Originally Posted by fishstein
"It's not a good idea to drive two unbalanced loads with one ballast. I'd change the electronic ballast and check all wiring. Pay attention to age and moisture. Check for good isolation between the driving elements and ground. Most electronic ballast are designed to drive 32 Watt 4' T8."
So I should not be mixing a 32 watt ADV850 bulb with a 36 watt Aquarelle on the same ballast? Would it be better to drive 2 36 watt Aquarelles on the same ballast and two 32 watt ADV850s on the other? It's also possible that my ballasts are not designed to handle the 36 watt bulbs - I might need something a bit more robust.
By checking aging and moisture, do you mean to check moisture and cracking on the wires? There's no visible damage and it's highly unlikely given where the wires are.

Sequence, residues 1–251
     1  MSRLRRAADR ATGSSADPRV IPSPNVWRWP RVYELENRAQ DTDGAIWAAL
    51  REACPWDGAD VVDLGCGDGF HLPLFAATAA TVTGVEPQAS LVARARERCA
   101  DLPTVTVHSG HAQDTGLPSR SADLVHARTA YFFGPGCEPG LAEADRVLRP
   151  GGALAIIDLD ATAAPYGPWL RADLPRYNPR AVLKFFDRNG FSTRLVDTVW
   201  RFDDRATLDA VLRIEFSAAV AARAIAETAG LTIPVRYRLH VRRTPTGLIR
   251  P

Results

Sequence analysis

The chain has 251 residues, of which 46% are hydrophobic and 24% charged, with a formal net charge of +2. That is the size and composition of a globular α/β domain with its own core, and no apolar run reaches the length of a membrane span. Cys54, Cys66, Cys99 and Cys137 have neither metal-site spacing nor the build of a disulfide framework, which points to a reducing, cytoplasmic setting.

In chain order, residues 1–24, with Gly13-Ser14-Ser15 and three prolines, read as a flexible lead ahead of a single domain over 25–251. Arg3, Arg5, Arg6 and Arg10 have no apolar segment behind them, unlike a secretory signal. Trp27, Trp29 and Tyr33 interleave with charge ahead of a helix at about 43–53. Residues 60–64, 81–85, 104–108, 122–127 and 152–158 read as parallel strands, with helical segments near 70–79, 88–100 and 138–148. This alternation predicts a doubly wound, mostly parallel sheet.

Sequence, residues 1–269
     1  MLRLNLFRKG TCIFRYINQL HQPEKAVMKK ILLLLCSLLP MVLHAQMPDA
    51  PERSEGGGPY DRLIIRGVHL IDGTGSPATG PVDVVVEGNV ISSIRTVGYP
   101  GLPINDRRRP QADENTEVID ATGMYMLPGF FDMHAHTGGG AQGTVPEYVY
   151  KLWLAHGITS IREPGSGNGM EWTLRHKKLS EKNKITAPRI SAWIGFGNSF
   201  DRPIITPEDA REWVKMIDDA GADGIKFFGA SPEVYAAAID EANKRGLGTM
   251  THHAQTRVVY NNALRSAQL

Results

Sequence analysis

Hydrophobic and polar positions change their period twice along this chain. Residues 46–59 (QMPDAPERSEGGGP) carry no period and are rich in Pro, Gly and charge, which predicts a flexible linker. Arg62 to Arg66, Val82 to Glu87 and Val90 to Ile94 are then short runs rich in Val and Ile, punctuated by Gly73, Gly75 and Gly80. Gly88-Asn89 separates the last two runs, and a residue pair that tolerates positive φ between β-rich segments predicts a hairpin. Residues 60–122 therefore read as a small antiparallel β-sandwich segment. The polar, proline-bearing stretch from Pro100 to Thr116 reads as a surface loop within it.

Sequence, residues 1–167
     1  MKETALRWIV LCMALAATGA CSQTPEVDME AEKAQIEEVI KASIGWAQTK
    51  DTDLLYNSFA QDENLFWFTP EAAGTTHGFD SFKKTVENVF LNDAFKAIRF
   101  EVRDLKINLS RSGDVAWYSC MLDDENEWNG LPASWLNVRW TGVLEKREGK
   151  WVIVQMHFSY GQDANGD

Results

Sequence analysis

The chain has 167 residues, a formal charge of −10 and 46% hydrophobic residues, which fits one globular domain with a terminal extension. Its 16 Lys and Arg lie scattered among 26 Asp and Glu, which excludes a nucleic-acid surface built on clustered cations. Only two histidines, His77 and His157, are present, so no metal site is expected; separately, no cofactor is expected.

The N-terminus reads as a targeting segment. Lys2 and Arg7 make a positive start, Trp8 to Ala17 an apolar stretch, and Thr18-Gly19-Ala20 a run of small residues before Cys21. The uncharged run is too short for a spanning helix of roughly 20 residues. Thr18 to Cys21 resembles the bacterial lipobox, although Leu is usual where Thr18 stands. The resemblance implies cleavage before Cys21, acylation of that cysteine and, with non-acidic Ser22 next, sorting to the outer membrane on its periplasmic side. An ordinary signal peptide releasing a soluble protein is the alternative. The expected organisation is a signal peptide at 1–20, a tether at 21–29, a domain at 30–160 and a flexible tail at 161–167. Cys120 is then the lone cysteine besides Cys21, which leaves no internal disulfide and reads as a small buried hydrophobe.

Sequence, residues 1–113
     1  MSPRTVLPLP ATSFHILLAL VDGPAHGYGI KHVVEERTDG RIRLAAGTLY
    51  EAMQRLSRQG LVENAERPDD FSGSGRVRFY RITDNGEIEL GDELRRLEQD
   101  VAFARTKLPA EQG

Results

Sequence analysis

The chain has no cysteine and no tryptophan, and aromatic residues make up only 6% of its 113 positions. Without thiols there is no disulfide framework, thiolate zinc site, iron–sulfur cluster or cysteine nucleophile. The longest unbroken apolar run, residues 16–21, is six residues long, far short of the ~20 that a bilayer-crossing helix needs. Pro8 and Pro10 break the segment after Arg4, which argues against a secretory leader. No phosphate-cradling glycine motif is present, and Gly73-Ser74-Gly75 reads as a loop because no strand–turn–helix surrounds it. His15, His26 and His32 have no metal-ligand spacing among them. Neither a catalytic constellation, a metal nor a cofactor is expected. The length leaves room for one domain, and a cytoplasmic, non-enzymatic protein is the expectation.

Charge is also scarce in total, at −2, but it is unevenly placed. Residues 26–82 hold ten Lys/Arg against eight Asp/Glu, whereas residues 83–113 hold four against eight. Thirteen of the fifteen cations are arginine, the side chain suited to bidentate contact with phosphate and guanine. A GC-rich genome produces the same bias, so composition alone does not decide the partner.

How can I check for good isolation between the driving elements and ground? I'm not an electrician - can you be more specific?
I sincerely appreciate your advice. This is a major safety issue I have to solve.
I'd check the specs on the new ballast to see if it is rated for 36 watt. Most commercial stuffs have a 10% tolerance, so you're probably okay. Yes, I would not run a 32 watt and a 36 watt off of one ballast.
I would expect more oxidation at the ends of the wire since these are exposed to higher than average humidity. Copper will turn green when oxidized. You may want to tin all copper terminals apply RTV silicone to improve corrosion resistance.
Use an ohm meter to check the resistance from the power terminals to ground (usually the metal reflector). Anything under 100 ohm is suspect. Also make sure the body of the ballast is grounded to the 3rd round prong of your AC plug.